Less than a minute after the State Board of Regents approved a plan to consolidate the two colleges, a news release was handed out to describe the next steps to be taken.
The merger requires consent by the Southern Association of Colleges and Schools in December before the Board of Regents finalizes the merger in January.
The rush for a vote had many SPSU students questioning if the approval had already been decided before Tuesday’s meeting.
Three representatives of SPSU alumni and students, who addressed the Board of Regents before the vote, said the board had not done its homework to prove the case for a merger.
Austin Clayton, president of the SPSU Student Government Association, said there has been no data on how the merger will benefit the SPSU campus, metro Atlanta or Georgia, or any indication that possible negative consequences have been researched.
“We want to know why, and we want to know how,” Clayton said.
Clayton said the SPSU representatives did not want to dissolve the merger entirely, but asked the board to step back and create a research team.
Kessel Stelling Jr., the board’s representative for Cobb County, was absent from Tuesday’s vote. Stelling has not returned calls to the Marietta Daily Journal since news of the merger broke earlier this month.
Stelling served as chairman of the Cobb Chamber of Commerce in 1998 and 2006, and is a Trustee of Kennesaw State University.
Prior to Tuesday’s vote, the Board of Regents received a letter from the Cobb Chamber of Commerce offering its ringing endorsement of the merger.
Opposition takes stand
The crowd of SPSU protestors were bused from campus by the Poly Trolley to the University System offices, a block away from the Georgia State Capitol.
Cars driving past the Keep SPSU True Group on Washington Street honked horns in support of the students holding signs and chanting slogans in matching t-shirts.
By Tuesday afternoon, the Keep SPSU True Group had 8,000 signatures on a petition opposing the merger plan.
Some of the protesting students said they were skipping class Tuesday afternoon, but many said their professors had rescheduled meeting times and tests to allow them to participate in the protests in Atlanta.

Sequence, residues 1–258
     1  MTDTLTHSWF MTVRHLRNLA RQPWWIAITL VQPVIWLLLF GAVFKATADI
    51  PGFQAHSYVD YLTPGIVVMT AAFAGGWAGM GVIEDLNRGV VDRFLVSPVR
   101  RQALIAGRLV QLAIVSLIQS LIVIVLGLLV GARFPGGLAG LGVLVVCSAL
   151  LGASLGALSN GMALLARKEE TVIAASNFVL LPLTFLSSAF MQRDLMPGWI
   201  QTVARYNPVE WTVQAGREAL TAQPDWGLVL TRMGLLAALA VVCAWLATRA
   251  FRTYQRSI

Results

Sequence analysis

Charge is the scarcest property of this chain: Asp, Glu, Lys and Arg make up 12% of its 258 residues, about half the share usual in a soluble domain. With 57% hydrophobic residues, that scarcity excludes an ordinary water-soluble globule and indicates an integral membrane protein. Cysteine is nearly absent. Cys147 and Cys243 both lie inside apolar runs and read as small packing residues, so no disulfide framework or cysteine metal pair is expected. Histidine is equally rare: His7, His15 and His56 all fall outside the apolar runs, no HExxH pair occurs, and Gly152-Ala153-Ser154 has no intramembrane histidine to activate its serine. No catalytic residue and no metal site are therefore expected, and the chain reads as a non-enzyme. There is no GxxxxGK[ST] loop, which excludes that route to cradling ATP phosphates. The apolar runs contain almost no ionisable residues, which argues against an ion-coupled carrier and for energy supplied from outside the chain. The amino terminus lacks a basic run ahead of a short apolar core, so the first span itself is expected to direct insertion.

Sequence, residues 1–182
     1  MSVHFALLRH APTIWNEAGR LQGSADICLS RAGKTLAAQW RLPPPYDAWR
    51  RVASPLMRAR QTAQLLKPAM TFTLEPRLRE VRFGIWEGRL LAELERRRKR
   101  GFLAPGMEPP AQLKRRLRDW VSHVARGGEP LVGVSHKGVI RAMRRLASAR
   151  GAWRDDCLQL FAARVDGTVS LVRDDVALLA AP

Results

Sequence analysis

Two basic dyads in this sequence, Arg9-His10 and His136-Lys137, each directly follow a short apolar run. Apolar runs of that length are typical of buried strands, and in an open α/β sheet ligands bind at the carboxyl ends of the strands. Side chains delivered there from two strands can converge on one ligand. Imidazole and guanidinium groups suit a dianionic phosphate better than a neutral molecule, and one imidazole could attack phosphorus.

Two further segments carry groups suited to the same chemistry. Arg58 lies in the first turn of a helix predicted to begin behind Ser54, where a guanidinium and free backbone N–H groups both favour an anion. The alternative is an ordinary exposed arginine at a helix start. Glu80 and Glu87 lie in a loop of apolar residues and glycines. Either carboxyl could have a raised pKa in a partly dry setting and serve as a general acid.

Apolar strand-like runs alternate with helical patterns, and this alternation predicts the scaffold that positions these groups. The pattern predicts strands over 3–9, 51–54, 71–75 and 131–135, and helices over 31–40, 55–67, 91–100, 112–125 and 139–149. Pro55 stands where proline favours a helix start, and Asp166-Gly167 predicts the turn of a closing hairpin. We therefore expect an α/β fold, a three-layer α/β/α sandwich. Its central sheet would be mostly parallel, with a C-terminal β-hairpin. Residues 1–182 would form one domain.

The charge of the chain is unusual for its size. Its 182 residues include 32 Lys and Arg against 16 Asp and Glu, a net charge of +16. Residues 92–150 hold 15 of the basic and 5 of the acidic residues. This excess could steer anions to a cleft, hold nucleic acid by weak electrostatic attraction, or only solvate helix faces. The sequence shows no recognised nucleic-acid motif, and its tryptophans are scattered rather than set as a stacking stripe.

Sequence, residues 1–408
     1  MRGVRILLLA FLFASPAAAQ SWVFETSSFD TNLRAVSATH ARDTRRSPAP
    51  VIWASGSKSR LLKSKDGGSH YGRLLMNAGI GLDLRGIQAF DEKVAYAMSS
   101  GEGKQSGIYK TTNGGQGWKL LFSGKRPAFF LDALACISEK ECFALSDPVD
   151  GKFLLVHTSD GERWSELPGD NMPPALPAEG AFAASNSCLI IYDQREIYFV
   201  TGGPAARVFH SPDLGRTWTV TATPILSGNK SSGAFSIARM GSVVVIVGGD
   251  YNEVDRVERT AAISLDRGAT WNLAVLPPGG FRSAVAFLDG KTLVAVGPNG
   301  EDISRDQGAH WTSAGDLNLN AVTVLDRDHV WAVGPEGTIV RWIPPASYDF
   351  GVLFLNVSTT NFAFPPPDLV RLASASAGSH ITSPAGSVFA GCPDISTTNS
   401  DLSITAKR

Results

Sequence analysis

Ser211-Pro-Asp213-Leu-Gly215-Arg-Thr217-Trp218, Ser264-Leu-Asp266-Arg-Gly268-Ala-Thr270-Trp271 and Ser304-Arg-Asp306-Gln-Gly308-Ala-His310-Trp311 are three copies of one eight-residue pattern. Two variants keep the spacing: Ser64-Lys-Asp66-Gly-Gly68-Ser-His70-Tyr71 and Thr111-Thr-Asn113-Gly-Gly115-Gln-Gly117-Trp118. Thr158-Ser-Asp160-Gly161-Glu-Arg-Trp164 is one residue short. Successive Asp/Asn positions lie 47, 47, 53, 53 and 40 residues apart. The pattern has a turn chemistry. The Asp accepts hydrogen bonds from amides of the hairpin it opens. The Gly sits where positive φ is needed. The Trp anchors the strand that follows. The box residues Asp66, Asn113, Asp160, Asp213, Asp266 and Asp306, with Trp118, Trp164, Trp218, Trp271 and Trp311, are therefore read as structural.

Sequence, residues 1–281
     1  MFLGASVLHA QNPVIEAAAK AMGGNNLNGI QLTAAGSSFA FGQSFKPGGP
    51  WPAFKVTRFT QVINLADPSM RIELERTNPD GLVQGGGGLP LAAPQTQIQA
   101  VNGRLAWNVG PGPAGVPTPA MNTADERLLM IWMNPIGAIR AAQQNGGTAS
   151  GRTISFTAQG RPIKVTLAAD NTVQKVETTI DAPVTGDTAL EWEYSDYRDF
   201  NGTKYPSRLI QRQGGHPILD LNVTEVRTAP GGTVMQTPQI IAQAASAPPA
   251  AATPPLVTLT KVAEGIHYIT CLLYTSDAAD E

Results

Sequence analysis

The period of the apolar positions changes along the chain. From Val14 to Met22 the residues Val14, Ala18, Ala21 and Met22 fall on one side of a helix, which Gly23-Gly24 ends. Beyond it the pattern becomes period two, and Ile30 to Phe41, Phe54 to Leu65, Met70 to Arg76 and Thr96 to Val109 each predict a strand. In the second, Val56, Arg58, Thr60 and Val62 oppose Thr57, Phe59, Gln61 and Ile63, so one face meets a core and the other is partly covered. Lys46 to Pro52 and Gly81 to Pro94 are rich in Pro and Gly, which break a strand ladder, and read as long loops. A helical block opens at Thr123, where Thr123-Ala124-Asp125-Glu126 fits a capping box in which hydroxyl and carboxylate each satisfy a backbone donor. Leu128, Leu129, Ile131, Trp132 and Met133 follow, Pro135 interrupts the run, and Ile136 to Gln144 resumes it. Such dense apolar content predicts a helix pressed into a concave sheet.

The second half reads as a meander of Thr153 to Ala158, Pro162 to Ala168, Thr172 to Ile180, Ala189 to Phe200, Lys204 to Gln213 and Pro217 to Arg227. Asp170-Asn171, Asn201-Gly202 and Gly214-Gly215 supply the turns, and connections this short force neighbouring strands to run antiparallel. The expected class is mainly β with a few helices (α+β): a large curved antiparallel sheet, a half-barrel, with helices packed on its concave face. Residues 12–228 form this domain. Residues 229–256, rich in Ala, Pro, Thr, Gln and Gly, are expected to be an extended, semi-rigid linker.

Sean Magee, 26, who will receive an SPSU degree in technical communications before the merger is complete, said he came to support those faculty members who have shaped his education and provided him an opportunity for a good career.
“They may not be able to be here, but they have helped a large amount,” Magee said.
Magee said he is worried who will decide which jobs, and whose positions, at SPSU are unnecessary, and if KSU staff will be favored over SPSU’s in the consolidation.
University System of Georgia Chancellor Hank Huckaby will form an implementation team with representatives from both institutions to work out the details and submit the documents required for accreditation with the Southern Association of Colleges.
The implementation team will be headed by KSU President Dan Papp, who will serve as president of the consolidated university.
The gains and the losses
The merger decision was alarming, especially for a student body trained to analyze objective data to solve problems, said Joe Thomas, 27, a professional communications student at SPSU.
“I am a pretty strong proponent of open government and transparency,” said Thomas, who added that the Board of Regents’ agenda was thrust upon the SPSU student body and faculty.
Associate Vice Chancellor Shelley Nickel has led the consolidation of eight USG institutions into four in an effort to reduce administrative costs and relieve some of the burden on state funding of higher education.